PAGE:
Fresh water should flow by early next year

Construction workers have been preparing the ground for concrete work that will serve as the foundation for treatment and pumping equipment for groundwater wells recently drilled on the eastern boundary of the Chase Field Industrial and Airport Complex.

BEEVILLE – Work on the city of Beeville’s $4.5 million groundwater project at the Chase Field Industrial and Airport Complex is getting closer to completion.

City Manager Joe B. Montez and Director of Public Works Albert Bridge visited the location where four groundwater wells have been drilled last week.

The two city officials checked on the progress of the San Antonio-based Gonzalez-De La Garza and Associates construction company work on building pump stations, water treatment equipment, a 250,000-gallon ground storage tank and pipeline connections to an existing five-mile pipeline that will carry well water to the city.

The city manager said water should be flowing from Chase Field to Beeville by early 2020.

Montez said the project should be completed and be capable of sending up to 1.4 million gallons of groundwater to the city a day.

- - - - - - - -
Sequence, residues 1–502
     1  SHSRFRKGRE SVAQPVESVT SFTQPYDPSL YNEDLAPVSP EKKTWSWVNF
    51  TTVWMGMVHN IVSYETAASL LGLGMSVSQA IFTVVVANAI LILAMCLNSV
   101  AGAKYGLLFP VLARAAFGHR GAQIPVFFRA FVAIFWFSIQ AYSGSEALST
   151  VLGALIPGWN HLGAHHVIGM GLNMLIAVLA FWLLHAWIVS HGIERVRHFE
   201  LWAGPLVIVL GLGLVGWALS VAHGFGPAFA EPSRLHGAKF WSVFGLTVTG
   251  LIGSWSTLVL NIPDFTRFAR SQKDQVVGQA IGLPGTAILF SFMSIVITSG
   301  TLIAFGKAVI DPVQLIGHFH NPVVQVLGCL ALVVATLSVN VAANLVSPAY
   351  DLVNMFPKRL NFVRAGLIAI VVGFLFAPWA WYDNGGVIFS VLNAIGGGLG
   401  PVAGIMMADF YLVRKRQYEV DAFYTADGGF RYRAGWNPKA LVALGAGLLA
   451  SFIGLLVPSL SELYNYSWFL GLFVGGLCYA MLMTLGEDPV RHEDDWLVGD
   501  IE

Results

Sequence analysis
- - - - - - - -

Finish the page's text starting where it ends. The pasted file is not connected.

City street workers have been building an access road to the wells and other facilities on the far east side of the former naval air station.

Currently, the Beeville Water Supply District pays the city of Corpus Christi $1.03 per 1,000 gallons for the raw water it pumps from the Nueces River to the district’s George P. Morrill, I Water Treatment Plant at Swinney Switch.

Once the well system at Chase Field is completed, the city will be able to reduce the amount of water being purchased from Corpus Christi and begin paying $0.31 per 1,000 gallons to the BDA for the water rights.

The city will be able to reduce the amount it pays for raw water, and the BDA will have a dependable source of income of about $150,000 a year by selling rights to the water at Chase Field.

Gary Kent is a reporter at the Bee-Picayune and can be reached at 358-2550, ext. 120, or at